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Whatever you decide to do with your life you should try to do it well - be a professional. I'm a professional prisoner. I do time. I've got 15 years in and figure to retire in another 5, maybe sooner if I have some luck in the courts. Then I'll spend my time with loved ones, fixing computers and carrying signs for one cause or another.
Like all professionals, doctors, lawyers and such, it is necessary for me to stay on top of the latest literature in my chosen (?) field. The other day I was reading a journal for "Correctional Professionals" that had some interesting statistics on furloughs I'd like to share with you.
Furloughs got a bad name during the 1988 presidential campaign. Massachusetts's prisoner Willie Horton was serving life without parole when he escaped from a furlough. Ten months later he terrorized a Maryland couple, raping the wife and stabbing her husband. While the Massachusetts furlough program had been started by a republican governor, Bush accused his democratic opponent, Governor Dukakis, of being "soft on crime." Thirty-second TV sound bits featuring Willie's picture made "furlough" into a dirty word.
Anyway, this journal conducted a survey during the fall of 1989 to find out what happened to furloughs in the aftermath of the presidential campaign. The upshot of it was that there were around 170,000 furloughs granted nationally in 1988, compared to 200,000 in 1987. Those hit the hardest were of course lifers. Two states, Nevada and New Hampshire, discontinued their furlough programs. Many other states tightened their qualifications of eligibility in such programs.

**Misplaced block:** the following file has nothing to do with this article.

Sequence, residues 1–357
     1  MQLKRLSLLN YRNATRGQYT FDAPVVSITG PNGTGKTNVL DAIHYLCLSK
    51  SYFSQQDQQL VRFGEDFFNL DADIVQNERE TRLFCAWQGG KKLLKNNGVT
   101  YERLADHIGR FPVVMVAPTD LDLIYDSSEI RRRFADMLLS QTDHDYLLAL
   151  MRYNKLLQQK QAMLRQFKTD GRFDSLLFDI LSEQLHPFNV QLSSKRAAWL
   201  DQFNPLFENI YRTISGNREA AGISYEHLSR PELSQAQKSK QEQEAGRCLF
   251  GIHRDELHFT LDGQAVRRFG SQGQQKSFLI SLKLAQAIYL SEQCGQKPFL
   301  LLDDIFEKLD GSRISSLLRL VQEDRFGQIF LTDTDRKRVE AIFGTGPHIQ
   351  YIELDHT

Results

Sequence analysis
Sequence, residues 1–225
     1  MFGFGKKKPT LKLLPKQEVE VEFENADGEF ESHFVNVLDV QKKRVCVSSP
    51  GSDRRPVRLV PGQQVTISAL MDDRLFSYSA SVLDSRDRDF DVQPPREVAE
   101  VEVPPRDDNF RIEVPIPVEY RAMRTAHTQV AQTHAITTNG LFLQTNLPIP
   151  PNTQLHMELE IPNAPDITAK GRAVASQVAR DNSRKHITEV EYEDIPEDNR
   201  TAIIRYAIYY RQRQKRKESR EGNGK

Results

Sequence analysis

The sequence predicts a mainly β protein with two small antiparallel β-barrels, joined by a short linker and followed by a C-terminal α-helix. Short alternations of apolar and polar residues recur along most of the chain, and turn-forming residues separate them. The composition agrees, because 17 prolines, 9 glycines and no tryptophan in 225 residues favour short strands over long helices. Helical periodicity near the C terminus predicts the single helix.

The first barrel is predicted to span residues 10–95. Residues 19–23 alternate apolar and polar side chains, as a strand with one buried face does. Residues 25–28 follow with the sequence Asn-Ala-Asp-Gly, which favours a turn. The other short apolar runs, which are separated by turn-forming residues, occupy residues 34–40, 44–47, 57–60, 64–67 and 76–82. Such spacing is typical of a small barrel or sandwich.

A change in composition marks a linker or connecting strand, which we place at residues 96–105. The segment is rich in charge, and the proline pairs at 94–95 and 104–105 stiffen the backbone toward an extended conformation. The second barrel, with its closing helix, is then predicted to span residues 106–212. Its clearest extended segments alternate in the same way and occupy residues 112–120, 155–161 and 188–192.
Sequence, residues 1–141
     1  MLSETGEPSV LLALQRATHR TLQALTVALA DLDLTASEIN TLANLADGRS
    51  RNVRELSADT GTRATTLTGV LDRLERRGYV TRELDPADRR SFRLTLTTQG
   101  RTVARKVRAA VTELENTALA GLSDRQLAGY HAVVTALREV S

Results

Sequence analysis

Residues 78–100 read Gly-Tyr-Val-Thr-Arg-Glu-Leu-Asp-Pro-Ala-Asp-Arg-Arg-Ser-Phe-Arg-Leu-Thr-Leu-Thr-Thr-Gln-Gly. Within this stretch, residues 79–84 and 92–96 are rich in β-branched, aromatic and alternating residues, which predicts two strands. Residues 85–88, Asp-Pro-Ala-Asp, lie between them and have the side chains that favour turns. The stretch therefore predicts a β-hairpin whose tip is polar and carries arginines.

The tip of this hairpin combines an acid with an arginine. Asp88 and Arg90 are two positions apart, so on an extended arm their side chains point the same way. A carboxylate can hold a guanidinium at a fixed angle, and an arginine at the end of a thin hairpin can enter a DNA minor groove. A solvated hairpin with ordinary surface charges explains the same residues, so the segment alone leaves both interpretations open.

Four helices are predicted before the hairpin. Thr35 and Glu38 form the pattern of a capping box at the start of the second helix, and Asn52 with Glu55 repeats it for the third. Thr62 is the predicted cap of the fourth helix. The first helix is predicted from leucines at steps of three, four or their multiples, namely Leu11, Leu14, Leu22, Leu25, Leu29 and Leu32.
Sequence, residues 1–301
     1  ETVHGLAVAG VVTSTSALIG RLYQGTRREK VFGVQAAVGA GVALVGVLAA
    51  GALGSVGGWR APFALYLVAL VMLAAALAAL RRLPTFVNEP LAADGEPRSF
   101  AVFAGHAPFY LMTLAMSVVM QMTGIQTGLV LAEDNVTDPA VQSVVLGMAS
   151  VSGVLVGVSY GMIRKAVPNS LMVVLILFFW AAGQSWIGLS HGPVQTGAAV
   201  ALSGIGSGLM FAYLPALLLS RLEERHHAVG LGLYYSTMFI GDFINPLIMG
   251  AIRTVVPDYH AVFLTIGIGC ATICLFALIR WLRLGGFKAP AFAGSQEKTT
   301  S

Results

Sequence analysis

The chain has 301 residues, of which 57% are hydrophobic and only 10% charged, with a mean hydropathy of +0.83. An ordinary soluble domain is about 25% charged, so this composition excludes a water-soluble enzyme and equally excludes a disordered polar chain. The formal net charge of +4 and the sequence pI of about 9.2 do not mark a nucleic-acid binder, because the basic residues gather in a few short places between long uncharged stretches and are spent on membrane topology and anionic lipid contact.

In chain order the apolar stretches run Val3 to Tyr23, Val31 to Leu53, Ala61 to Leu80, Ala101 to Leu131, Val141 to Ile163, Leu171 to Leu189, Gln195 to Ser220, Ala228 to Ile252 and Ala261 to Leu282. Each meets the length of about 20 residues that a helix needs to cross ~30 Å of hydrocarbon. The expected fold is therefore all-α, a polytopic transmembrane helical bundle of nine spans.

Let's look at some 1988 figures for neighboring states and around the country. Oregon furloughed long-term prisoners, 3,300 of them (15% were revoked). Alaska had 3,785 furloughs with a 98% success rate. And Idaho furloughed 1,268 prisoners with a 99% success rate. Florida furloughed a whopping 18,000 people with a success rate of 99.9%. Little ol' Maine furloughed 2,587 with a 99% rate of success. South Dakota furloughed 1,013 with 100% success, and New Mexico got 100% with 970 furloughs. North Dakota, Maryland, Iowa and Wisconsin also had 100% success rates.
Where does Washington State fit into the overall scheme of things? Well, we do have a furlough program albeit infrequently used. This state granted a mere 290 furloughs in 1988 with a success rate of 99.6% (one man had his furlough revoked).
How many Willie Horton types are lurking about? Not many. In those rare cases where furloughs were not successful it was almost always due to alcohol (or sometimes drug) use, late returns or not being at the location agreed upon. Seldom was another crime committed, and where it did happen it was generally a traffic or property offense. Only three stales reported "assaultive behavior" by people on furlough status, and two of those (New Jersey with 3,561 furloughs and Illinois with 6,979 furloughs) reported only one incident each.
When I'm six months of my "retirement" date, have minimum custody and no detainers, my captors may take the risk of furloughing me. But I won't be holding my breath waiting for them to do it. Neither should you. It's important to understand the big picture: If prisoncrats show us any compassion, mercy or similar human feelings we may not leave here bursting with rage. And if that doesn't happen then our anger isn't taken out on our wives, children, neighbors and the community. We don't come back to prison! Like one state responding to the survey said, "Furlough participants have lower recidivism rates."
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